The larger battle is over ideas, whether the Republican Party as a whole will become an ethno-populist party like the National Front or the U.K. Independence Party. In this fight the populists might do better. There’s something malevolently forceful about their ideology, which does remind you of Marxism in its early days. There’s something flaccid about globalism, which is de-spiritualized and which doesn’t really have an answer for our economic and cultural problems.

In short, I suspect Steve Bannon is going to fail to corral the peripatetic brain of Donald Trump. But he may have more influence on the next generation.

If Bannon influences the next generation then I’m profoundly glad that I only have a few more years to live.  Here’s the comment from “soxared, 04-07-13:”

“Mr. Brooks, this column defines the utter chaos to come. And when Stephen Bannon is the architect of the next president’s worldview, well, we’re not at the lip of the abyss, we’re already plummeting.

Bannon, quite frankly, is a white nationalist. He’s Dylann Roof without the rap sheet of nine souls destroyed. Bannon is the lieutenant in the army of the “Judeo-Christian West” that has drawn a line in the sand against multiculturalism. As I read this devil’s script for international anarchy, all I could think of was that Bannon and Vladimir Putin’s own Bannon, Aleksandr Dugin have in mind a joint dual national program to eliminate Islam from the world’s face and, in the process, begin the systematic subjugation of mankind, those peoples not to their liking. Bannon, please recall, will be at Trump’s elbow in the Oval Office.

The absolutism of both Bannon and Dugan, are quite terrifying. The danger to our Republic, though, is the next president. It has been amply documented that his infinitesimal attention span is the last link in the chain of sanity. Its end is perilously close.

Leavening the loaf in the hellish oven until it is ripe are your GOP “ethno-nationalist populists.” Start with Mitch McConnell and Paul Ryan, the Senate and House leaders, who worked assiduously to mine President Obama’s tenure with failure; both are viciously hostile to democracy. Putin is their soul mate, all things considered.

The “cosmic threat of our time” is the looming Trump administration.”

And now here’s Mr. Rosenthal:

The Constitution and American tradition provide lots of ways for a president to exercise executive power.

The president can, for example, create an agenda and propose legislation to Congress to carry it out; appoint cabinet members, with the Senate providing its advice and consent, and use the platform of the presidency to talk to Americans about important issues.

When the modern-day Republicans are in charge of the White House and Congress, of course, law, tradition and principle have little meaning.

Senator Mitch McConnell once said his party’s most important task was to deny Obama a second term. In February 2009, he wrote a letter to Senator Harry Reid, then the majority leader, saying there could be no action on Obama’s nominees pending a long list of demands, including completion of reviews by the Office of Government Ethics. McConnell only escalated when Republicans took control of the Senate in 2014 and by last year he was refusing even to consider any Supreme Court nomination Obama might make.

So how will things be with our new Republican president?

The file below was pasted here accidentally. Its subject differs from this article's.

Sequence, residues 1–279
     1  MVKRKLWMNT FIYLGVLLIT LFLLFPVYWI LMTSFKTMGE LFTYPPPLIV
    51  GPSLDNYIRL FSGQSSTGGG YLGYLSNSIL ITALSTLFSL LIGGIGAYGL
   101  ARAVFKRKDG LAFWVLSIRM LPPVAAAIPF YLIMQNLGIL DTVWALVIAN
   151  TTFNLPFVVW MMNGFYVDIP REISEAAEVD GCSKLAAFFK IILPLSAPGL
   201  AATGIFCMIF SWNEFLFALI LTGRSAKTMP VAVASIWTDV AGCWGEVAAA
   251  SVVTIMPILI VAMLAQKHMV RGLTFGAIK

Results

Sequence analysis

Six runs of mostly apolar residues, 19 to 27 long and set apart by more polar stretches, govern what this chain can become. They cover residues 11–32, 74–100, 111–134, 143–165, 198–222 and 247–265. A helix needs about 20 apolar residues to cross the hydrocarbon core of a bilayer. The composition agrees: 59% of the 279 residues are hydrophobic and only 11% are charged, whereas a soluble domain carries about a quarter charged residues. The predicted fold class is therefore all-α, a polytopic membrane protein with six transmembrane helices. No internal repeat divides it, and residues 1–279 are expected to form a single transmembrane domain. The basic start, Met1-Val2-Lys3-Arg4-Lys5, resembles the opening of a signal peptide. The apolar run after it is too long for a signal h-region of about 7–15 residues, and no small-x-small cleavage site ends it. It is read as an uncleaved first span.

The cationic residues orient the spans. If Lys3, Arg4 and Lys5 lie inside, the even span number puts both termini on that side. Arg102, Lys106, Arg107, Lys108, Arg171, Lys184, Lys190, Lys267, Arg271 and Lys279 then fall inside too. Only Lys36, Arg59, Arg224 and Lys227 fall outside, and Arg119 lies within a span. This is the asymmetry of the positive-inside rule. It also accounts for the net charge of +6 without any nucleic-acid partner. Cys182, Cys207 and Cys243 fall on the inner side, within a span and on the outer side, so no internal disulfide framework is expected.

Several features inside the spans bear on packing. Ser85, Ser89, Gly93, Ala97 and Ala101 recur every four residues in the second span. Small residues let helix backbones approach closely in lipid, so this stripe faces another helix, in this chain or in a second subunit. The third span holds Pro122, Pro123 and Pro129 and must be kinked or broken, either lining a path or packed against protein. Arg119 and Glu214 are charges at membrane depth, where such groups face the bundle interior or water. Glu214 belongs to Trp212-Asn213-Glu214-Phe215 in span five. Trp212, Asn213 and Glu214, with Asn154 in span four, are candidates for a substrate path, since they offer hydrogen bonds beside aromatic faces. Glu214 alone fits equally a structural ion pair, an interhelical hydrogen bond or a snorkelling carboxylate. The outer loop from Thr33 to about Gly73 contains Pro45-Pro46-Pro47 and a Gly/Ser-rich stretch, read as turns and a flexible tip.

We don’t really know what agenda Donald Trump will pursue, since he didn’t offer anything like a realistic one to voters. He takes office thanks to the obsolete and undemocratic Electoral College, as the second Republican president in a row to be rejected by a substantial majority of voters.

With the inauguration less than two weeks away, it’s certainly looking as if McConnell’s Republican Senate majority will do a complete about-face and rush through Trump’s appointments without the process on which senators used to insist.

McConnell and his cronies have crammed the Senate schedule full of confirmation hearings for Trump’s selections for major cabinet officials, including several of the biggest positions for this Wednesday.

Unfortunately, not all of these candidates have been through the customary vetting process. Last week, the Office of Government Ethics informed congressional Democrats that it had not yet had time to screen all of the Trump appointees, which created “potentially unknown or unresolved ethics issues.” Democrats want to delay some hearings until the candidates can be vetted.

McConnell’s response to Democrats’ concerns has been typically cynical and hypocritical.

This year, he’s telling Democrats to “grow up.” “All of these little procedural complaints are related to their frustration at having not only lost the White House, but having lost the Senate,” he said on Sunday.

Ethics review is hardly a “little procedural complaint,” especially since the Trump camp reportedly did far less than previous presidential transition teams to vet candidates before nominating them. Of course, since Trump won’t clear up the endless conflicts of interest involving his business interests and those of his children and his son-in-law, Jared Kushner, whom he is appointing to a senior White House role, why should we expect him to be concerned about his appointees’ conflicts?

If you think Trump’s partisan handmaidens in Congress are going to do the vetting for him, then you haven’t been paying much attention to American politics. What you can expect is a once-over-lightly review by the Republicans and efforts to thwart any Democrats who try to do the vetting.